Authentic leadership involves understanding that everyone has a unique journey, and everyone brings some kind of baggage to the office. You don’t have to understand the baggage; you simply have to understand that they have it.
On today’s episode of The Sales Evangelist, Dr. James Kelley, professor of marketing, talks to us about authentic leadership, his authentic leader model, and about how adversity creates better leaders.
Dr. Kelley hosts the podcast Executive After Hours, and he noticed a recurring theme that occurred during his podcast conversations: adversity changes people.
Dr. Kelley recounted the story of Joe Burton, who became the COO of McCann Erickson Worldgroup by the time he was 40 years old.
He was unbelievably successful, but he was miserable. He was aggressive with his employees, unhappy with his wife, and his body was physically breaking down.
When Joe inventoried his life, he realized he had lost his twin sister and his older sister within the span of two and a half years. He had also lost his dad about 12 years earlier.
The sheer amount of adversity caused him to reflect on his life, and it led him to launch Whil.com, a company that specializes in mindfulness. His own adversity transformed his life and made him more aware of his challenges, and it set him on a new path.
Likewise, Bridgette Mayer owns an art gallery in Philadelphia. She grew up in a crack house with six siblings until she and two of her sisters were adopted by a single family.
Her older sister committed suicide and the younger one landed in drug rehab. Bridgette, meanwhile, graduated from high school and then college, and then opened her own gallery.
So why did Bridgette succeed where his sisters hadn’t? She says it’s because she embraced adversity and reframed her challenges as opportunities. She had the right people around her at the right time to give her the right advice, and she was willing to listen.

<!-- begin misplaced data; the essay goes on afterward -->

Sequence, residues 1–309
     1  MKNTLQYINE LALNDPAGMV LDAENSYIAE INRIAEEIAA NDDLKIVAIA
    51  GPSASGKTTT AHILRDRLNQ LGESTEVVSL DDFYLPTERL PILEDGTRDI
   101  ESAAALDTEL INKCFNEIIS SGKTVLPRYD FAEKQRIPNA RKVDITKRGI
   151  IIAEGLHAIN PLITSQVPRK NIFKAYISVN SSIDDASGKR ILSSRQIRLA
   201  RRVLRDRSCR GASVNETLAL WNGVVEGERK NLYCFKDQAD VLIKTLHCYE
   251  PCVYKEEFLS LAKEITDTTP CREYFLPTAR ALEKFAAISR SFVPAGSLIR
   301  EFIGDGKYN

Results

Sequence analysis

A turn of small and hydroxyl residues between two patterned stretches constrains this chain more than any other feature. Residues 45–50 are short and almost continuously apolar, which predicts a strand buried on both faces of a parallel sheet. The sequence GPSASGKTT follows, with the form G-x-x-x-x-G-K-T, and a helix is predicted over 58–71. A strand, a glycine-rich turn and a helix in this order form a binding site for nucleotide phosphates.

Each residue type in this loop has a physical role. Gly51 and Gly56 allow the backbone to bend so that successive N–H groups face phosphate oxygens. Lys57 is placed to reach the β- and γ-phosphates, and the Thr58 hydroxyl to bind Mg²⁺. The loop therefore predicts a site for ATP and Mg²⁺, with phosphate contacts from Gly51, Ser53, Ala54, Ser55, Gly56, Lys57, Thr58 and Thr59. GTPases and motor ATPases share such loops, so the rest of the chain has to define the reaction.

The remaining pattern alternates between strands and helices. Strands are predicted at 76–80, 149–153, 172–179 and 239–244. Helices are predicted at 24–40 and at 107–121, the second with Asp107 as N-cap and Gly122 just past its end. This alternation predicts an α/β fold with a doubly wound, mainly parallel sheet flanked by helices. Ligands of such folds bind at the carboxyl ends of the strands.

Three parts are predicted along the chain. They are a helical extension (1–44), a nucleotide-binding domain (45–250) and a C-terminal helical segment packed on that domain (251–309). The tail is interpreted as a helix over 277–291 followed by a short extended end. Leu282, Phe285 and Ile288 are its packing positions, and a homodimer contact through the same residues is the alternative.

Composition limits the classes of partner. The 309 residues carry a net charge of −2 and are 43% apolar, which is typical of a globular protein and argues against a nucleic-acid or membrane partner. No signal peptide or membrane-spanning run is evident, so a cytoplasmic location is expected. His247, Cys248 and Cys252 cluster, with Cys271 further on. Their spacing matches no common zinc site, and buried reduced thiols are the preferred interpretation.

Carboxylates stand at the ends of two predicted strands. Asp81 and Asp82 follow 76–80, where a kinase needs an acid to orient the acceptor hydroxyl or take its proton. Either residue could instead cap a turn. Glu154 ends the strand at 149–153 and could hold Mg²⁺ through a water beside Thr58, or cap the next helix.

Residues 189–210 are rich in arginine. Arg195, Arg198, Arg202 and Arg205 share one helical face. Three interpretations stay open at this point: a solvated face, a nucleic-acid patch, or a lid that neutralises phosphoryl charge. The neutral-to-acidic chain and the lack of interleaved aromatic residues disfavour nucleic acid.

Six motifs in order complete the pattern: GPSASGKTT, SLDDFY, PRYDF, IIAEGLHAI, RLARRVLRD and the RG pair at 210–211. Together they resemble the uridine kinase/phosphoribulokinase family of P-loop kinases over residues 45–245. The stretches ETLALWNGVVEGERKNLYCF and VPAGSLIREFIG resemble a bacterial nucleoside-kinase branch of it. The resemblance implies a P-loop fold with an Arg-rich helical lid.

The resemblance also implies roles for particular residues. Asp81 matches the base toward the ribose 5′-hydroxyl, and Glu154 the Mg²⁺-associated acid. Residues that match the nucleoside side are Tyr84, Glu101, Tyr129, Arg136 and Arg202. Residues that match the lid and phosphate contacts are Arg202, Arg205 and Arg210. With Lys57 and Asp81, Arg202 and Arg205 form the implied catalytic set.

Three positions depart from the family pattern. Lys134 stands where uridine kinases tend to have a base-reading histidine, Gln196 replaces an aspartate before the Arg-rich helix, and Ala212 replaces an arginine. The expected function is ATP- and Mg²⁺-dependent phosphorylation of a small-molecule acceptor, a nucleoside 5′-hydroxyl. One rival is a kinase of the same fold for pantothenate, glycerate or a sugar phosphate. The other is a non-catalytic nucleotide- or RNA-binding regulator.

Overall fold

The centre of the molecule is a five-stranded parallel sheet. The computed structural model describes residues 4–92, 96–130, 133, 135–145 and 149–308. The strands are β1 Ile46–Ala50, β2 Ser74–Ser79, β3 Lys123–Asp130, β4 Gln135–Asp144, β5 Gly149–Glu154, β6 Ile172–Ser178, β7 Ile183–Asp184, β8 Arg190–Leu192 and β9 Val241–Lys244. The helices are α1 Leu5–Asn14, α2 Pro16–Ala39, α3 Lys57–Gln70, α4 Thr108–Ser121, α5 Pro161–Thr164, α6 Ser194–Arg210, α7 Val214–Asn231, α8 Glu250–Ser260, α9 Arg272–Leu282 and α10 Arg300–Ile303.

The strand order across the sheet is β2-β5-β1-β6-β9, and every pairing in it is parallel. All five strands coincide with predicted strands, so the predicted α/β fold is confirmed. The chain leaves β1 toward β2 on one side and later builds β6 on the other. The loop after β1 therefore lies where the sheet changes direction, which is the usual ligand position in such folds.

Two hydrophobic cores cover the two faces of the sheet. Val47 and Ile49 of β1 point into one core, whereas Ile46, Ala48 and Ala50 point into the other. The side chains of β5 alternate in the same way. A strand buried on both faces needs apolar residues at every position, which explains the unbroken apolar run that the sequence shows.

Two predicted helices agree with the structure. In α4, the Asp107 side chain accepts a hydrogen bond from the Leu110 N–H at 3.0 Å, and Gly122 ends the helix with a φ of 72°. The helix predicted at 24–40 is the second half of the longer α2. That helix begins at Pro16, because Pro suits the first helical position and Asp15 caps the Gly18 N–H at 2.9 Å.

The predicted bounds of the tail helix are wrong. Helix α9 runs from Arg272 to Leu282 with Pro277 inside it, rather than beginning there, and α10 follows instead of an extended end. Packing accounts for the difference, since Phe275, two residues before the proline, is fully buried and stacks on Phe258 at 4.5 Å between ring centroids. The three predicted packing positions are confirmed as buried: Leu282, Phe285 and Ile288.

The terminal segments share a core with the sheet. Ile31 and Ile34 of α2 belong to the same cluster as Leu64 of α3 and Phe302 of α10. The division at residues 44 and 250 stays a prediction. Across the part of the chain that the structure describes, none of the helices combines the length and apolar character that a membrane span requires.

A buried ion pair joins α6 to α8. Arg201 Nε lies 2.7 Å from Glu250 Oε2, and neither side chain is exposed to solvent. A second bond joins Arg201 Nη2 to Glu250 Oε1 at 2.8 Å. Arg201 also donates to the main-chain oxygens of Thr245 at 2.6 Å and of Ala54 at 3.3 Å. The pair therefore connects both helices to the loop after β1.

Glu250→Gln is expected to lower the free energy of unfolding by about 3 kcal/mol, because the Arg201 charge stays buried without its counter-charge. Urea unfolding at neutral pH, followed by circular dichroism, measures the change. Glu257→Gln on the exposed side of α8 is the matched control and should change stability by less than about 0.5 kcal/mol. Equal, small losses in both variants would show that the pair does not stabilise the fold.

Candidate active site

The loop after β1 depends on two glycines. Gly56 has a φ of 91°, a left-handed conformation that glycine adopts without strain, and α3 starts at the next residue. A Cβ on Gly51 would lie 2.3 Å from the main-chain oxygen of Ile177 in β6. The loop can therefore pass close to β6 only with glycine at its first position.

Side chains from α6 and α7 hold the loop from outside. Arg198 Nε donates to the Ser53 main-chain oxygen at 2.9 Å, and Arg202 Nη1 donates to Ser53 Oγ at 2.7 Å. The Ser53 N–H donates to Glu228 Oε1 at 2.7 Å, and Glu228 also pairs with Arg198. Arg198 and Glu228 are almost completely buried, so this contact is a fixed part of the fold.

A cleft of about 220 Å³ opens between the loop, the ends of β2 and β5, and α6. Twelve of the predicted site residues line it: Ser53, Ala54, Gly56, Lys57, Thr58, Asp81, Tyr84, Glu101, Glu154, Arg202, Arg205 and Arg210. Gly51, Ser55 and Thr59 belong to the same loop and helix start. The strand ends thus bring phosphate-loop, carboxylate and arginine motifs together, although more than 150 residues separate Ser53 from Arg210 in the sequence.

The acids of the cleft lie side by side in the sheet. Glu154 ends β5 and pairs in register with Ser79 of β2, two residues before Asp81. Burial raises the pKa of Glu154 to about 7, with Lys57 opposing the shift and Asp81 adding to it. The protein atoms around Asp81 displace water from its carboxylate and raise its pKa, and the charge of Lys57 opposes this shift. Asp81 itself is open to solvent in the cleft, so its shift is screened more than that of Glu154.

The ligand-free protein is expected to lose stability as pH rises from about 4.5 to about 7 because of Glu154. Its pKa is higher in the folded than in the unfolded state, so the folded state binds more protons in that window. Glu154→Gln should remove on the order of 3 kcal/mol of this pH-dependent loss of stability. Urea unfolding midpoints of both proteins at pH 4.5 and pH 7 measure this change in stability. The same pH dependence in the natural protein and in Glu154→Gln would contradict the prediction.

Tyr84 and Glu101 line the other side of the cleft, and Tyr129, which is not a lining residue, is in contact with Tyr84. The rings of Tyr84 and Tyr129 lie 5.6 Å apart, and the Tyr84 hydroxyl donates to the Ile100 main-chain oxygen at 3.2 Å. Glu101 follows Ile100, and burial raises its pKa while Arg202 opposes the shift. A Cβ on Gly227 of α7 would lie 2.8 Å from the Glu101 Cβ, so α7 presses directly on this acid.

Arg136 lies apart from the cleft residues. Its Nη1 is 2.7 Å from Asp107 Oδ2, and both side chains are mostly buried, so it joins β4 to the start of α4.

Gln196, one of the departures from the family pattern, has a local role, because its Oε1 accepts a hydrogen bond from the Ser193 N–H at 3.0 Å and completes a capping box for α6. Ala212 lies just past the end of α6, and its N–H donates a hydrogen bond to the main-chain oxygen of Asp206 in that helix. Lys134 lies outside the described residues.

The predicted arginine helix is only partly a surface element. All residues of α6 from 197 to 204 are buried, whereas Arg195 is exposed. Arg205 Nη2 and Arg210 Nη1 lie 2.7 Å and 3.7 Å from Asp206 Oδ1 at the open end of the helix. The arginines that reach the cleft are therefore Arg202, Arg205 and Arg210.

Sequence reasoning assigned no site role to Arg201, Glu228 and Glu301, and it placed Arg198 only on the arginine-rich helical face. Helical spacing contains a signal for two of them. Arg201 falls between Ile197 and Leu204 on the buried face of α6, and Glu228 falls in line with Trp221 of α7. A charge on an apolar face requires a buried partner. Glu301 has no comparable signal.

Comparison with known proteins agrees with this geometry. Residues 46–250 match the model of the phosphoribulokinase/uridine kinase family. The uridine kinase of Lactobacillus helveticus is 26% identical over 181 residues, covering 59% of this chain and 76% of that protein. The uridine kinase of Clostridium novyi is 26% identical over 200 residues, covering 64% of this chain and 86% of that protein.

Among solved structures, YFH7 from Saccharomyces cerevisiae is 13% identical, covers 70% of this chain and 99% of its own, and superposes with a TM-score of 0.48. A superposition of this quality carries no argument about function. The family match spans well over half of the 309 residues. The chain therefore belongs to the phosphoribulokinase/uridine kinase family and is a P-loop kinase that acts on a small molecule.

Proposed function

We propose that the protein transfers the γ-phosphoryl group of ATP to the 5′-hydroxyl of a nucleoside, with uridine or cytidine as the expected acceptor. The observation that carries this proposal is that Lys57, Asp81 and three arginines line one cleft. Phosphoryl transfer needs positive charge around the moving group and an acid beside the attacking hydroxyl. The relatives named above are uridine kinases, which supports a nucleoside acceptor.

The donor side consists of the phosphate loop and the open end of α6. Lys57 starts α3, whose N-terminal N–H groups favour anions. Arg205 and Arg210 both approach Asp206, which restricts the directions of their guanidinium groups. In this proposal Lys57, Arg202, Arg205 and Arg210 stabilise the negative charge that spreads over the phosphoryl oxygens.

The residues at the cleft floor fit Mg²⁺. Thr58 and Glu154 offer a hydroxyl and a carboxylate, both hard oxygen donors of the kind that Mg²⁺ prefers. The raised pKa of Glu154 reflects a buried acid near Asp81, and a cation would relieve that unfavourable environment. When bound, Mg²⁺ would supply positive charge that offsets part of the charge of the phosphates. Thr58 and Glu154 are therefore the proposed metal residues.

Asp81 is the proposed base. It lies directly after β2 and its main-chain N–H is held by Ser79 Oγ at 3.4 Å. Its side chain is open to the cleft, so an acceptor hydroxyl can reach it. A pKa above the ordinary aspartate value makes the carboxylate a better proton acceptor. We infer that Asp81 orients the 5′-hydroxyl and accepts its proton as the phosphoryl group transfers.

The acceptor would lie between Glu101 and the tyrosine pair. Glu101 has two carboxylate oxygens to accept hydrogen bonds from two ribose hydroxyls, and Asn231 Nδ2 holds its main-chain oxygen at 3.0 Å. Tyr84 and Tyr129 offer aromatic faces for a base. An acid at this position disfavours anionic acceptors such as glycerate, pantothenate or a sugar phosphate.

Dr. Kelley believes that our adversity connects us to other people.
When he was in sales, he quickly learned that personal stories connect people faster than almost any other tool. Relatable stories like death or divorce create an instant bond that establishes immediate trust.
Grab a piece of paper and a pencil.
Draw a medium circle and write the word ‘crucible’ inside. Now draw a circle outside of that, like you’re drawing a bulls-eye.
At the top of the outer circle write ‘self-awareness’ and leave the bottom portion of the outer circle empty.
Then draw one more circle on the outside of the first two, and write the words ‘compassion,’ ‘integrity,’ and ‘relatableness’ in that circle.
Dr. Kelley’s leadership research suggests that when people embrace their adversity or their crucible moment, their framing of that moment determines the effect it will have on their future.
Most people treat adversity as something that happens to them instead of viewing it as an opportunity to learn something new.
Those who frame adversity in a positive way, though it might take six months or a year, deepen their self-awareness.
They discover that they actually want to treat people with respect. They want to have compassion for people and relieve their suffering.
As your self-awareness grows, you move out into the model a bit, and you eventually discover that you’d like to live with a little bit more integrity and honesty. Because that’s how you want to be treated, you discover that it’s the best way to treat others.
You discover that as you have hard conversations that demand honesty, you build trust and loyalty, and you discover that relationships play a very significant part in your life.
As you learn to embrace relatableness, you seek ways to create micro-moments and meaning.
Without a growth mindset, you have self-awareness but nothing to do with it. When people embrace a learning mindset, that’s when they start to develop.
You become a much more authentic person and you spend every day trying to improve yourself for you rather than for anyone else.
You have to know that people have bad days.
If you see an empty water cup on an employee’s desk and you refill it, you’re demonstrating compassion and kindness.
Those micro-moments develop trust and compassion and integrity, and the return-on-investment is much greater than in companies that don’t embrace this culture.
If we take care of the employees first, they will take care of the organization.
Dr. Kelley believes that hiring a coach is the key to understanding your own adversity. He believes that evaluating your adversity and figuring out what you’ve learned that you can take forward is the key to success.
Being able to admit that you don’t know everything and surrounding yourself with people who can help you achieve your goals will help you better embrace your adversity.
You can connect with Dr. Kelley at his website, or email him at email@example.com. Find The Crucible’s Gift: 5 Lessons From Authentic Leaders Who Thrive In Adversity on his website or on Amazon.
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